BERMAN: People on Twitter have been saying if you had Dan Quayle as the person saving democracy on your bingo card. Yes --

ZANONA: Yes, right, right.

BERMAN: -- pretty extraordinary.

KEILAR: Bad speller, good reader, perhaps, of the law --


KEILAR: -- right? That could be the case.

Mel, thank you so much for that.

ZANONA: Thank you.

KEILAR: We do have some more on our breaking news -- a landslide victory for California Gov. Gavin Newsom overnight. What does the failed recall effort tell us about other races across the country?

BERMAN: Plus, new CNN reporting about the debate within the FDA over vaccine boosters. What it could mean about when you could receive a third vaccine shot.



KEILAR: Breaking overnight, California Gov. Gavin Newsom easily defeating the recall campaign against him, delivering a decisive answer to the question of whether voters would penalize those who enacted strict policies aimed at slowing the coronavirus pandemic.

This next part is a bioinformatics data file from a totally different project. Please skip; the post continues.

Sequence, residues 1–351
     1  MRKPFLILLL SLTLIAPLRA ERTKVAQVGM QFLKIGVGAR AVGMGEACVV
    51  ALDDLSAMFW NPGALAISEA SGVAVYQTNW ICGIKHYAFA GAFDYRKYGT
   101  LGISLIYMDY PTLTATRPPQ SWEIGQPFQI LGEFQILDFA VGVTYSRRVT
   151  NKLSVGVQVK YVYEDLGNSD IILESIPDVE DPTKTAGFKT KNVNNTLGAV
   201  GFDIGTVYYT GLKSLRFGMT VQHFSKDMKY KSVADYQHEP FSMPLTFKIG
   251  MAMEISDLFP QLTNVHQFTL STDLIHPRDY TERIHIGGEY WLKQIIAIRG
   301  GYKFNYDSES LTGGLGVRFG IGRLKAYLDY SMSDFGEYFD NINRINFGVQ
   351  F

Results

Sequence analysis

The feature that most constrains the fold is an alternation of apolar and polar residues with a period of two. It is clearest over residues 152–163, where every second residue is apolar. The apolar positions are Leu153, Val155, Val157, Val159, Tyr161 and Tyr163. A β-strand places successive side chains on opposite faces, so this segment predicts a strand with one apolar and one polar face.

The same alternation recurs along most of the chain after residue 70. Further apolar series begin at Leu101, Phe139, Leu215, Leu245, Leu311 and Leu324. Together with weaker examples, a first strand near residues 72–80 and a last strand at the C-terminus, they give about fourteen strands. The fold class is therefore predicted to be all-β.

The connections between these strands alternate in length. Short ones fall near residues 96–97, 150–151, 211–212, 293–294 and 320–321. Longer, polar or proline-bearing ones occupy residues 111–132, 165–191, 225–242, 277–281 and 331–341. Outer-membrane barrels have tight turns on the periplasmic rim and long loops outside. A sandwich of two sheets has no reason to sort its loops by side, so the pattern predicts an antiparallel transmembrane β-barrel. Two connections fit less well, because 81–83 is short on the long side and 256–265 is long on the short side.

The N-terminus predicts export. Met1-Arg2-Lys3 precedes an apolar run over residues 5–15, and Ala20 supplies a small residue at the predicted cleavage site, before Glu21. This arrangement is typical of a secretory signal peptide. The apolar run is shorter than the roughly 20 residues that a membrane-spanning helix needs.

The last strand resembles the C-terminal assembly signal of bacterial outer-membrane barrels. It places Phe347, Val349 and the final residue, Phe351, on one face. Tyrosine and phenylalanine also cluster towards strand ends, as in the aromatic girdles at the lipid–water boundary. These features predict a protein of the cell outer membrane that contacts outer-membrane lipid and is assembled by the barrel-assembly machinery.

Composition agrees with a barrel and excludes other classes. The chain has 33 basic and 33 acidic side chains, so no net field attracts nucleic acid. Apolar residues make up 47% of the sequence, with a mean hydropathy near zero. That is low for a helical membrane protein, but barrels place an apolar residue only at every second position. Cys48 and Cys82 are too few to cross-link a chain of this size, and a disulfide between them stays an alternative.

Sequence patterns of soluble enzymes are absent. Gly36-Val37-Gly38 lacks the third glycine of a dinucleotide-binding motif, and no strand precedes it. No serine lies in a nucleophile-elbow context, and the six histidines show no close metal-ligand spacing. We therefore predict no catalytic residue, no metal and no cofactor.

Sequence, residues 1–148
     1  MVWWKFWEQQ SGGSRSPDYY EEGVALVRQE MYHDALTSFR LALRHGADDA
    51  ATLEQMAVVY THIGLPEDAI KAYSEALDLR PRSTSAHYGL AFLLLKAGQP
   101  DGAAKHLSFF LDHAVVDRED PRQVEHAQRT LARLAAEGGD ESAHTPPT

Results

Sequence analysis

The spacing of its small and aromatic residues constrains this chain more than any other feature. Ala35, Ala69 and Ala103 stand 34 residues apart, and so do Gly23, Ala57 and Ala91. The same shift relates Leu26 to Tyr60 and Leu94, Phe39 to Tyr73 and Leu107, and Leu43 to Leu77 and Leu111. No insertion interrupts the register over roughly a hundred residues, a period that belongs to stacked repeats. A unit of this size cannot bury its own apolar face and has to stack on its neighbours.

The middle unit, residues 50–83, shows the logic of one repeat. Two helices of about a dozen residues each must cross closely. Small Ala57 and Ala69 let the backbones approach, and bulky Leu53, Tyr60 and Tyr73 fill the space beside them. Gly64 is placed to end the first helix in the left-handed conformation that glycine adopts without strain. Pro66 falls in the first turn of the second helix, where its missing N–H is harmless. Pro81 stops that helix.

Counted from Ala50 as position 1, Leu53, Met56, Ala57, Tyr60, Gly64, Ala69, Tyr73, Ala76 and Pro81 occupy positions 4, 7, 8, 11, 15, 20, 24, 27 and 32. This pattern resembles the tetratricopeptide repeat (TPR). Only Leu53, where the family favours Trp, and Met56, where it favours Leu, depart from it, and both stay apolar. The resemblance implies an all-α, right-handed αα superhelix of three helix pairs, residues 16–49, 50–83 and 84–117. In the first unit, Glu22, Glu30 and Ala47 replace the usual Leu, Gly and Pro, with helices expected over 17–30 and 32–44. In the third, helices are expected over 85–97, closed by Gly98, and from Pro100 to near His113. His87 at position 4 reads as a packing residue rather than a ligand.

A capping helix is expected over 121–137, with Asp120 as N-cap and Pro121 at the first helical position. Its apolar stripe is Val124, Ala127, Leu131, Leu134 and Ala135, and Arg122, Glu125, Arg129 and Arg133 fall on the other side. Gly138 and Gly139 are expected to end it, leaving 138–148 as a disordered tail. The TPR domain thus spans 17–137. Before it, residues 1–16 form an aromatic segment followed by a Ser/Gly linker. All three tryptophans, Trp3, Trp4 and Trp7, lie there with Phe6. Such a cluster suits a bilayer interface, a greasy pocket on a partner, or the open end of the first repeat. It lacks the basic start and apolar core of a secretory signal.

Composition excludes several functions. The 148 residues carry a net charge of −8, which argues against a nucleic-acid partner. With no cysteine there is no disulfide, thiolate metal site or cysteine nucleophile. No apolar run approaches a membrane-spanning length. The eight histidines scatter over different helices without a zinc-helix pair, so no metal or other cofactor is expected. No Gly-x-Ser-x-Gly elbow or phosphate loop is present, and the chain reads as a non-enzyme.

So what does this mean -- this victory -- for both parties going forward?

Let's talk about it now with CNN senior political analyst and senior editor at "The Atlantic," Ron Brownstein.

That's really the question here, Ron, is trying to read the tea leaves about what more broadly COVID restrictions and opposition or being a proponent of them is going to mean in other races.

RON BROWNSTEIN, CNN SENIOR POLITICAL ANALYST, SENIOR EDITOR, THE ATLANTIC (via Webex by Cisco): Yes. Well look, California is obviously favorable terrain for Democrats to have this argument, but when you look at the magnitude of what happened I think there is a pretty clear message here.